Publications by authors named "Makenna M Morck"

4 Publications

  • Page 1 of 1

Hypertrophic cardiomyopathy β-cardiac myosin mutation (P710R) leads to hypercontractility by disrupting super relaxed state.

Proc Natl Acad Sci U S A 2021 Jun;118(24)

Department of Pediatrics (Cardiology), Stanford University School of Medicine, Palo Alto, CA 94304;

Hypertrophic cardiomyopathy (HCM) is the most common inherited form of heart disease, associated with over 1,000 mutations, many in β-cardiac myosin (MYH7). Molecular studies of myosin with different HCM mutations have revealed a diversity of effects on ATPase and load-sensitive rate of detachment from actin. It has been difficult to predict how such diverse molecular effects combine to influence forces at the cellular level and further influence cellular phenotypes. This study focused on the P710R mutation that dramatically decreased in vitro motility velocity and actin-activated ATPase, in contrast to other MYH7 mutations. Optical trap measurements of single myosin molecules revealed that this mutation reduced the step size of the myosin motor and the load sensitivity of the actin detachment rate. Conversely, this mutation destabilized the super relaxed state in longer, two-headed myosin constructs, freeing more heads to generate force. Micropatterned human induced pluripotent derived stem cell (hiPSC)-cardiomyocytes CRISPR-edited with the P710R mutation produced significantly increased force (measured by traction force microscopy) compared with isogenic control cells. The P710R mutation also caused cardiomyocyte hypertrophy and cytoskeletal remodeling as measured by immunostaining and electron microscopy. Cellular hypertrophy was prevented in the P710R cells by inhibition of ERK or Akt. Finally, we used a computational model that integrated the measured molecular changes to predict the measured traction forces. These results confirm a key role for regulation of the super relaxed state in driving hypercontractility in HCM with the P710R mutation and demonstrate the value of a multiscale approach in revealing key mechanisms of disease.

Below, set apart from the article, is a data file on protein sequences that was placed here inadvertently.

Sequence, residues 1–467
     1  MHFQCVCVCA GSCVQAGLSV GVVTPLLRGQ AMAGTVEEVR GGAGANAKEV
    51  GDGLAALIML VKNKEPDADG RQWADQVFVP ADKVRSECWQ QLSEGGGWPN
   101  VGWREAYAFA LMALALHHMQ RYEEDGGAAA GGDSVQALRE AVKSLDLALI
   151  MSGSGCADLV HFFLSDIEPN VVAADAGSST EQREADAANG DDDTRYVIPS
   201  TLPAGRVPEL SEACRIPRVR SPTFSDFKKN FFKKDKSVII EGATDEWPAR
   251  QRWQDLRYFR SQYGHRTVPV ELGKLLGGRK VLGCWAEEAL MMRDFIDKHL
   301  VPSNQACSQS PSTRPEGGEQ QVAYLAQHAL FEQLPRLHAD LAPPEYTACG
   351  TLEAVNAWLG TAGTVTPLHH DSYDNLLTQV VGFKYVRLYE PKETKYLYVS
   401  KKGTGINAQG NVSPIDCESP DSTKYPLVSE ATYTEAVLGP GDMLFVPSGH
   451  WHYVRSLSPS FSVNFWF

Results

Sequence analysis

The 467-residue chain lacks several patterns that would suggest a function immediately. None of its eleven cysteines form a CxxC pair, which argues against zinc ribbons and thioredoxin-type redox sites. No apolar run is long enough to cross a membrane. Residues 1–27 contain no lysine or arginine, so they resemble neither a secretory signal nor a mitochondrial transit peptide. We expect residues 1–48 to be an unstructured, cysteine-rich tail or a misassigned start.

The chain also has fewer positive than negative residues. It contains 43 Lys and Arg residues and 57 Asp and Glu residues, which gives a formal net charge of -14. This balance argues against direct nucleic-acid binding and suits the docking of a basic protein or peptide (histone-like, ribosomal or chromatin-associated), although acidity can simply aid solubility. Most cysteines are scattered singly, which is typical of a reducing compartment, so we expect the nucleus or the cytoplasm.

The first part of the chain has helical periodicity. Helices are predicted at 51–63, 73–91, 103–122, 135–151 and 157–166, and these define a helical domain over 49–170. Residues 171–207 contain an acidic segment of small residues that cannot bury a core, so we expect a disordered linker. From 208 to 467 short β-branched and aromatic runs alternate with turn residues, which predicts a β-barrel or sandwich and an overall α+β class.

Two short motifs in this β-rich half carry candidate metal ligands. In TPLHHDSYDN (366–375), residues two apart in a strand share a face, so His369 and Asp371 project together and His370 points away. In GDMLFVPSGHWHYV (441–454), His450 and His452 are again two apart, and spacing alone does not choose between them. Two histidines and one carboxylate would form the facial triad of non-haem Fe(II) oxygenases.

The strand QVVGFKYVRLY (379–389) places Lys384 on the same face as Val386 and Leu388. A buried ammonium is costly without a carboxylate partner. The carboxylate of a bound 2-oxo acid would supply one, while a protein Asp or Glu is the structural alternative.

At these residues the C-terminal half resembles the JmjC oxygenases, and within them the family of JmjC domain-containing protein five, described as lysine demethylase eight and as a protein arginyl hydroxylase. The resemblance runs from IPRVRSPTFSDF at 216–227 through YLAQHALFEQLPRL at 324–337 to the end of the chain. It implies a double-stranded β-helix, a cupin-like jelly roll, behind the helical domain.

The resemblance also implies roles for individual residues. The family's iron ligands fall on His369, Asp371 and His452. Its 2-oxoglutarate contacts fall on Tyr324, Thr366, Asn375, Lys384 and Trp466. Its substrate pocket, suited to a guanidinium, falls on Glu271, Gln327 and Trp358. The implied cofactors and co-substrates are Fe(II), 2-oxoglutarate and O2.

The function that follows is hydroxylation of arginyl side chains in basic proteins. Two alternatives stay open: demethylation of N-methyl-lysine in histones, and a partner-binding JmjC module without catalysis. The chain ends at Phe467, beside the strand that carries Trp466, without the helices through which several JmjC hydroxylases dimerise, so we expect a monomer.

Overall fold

View Article and Find Full Text PDF

Download full-text PDF

Source
http://dx.doi.org/10.1073/pnas.2025030118DOI Listing
http://www.ncbi.nlm.nih.gov/pmc/articles/PMC8214707PMC
June 2021

The hypertrophic cardiomyopathy mutations R403Q and R663H increase the number of myosin heads available to interact with actin.

Sci Adv 2020 04 3;6(14):eaax0069. Epub 2020 Apr 3.

Department of Biochemistry, Stanford University School of Medicine, Stanford, CA 94305, USA.

Hypertrophic cardiomyopathy (HCM) mutations in β-cardiac myosin and myosin binding protein-C (MyBP-C) lead to hypercontractility of the heart, an early hallmark of HCM. We show that hypercontractility caused by the HCM-causing mutation R663H cannot be explained by changes in fundamental myosin contractile parameters, much like the HCM-causing mutation R403Q. Using enzymatic assays with purified human β-cardiac myosin, we provide evidence that both mutations cause hypercontractility by increasing the number of functionally accessible myosin heads. We also demonstrate that the myosin mutation R403Q, but not R663H, ablates the binding of myosin with the C0-C7 fragment of MyBP-C. Furthermore, addition of C0-C7 decreases the wild-type myosin basal ATPase single turnover rate, while the mutants do not show a similar reduction. These data suggest that a primary mechanism of action for these mutations is to increase the number of myosin heads functionally available for interaction with actin, which could contribute to hypercontractility.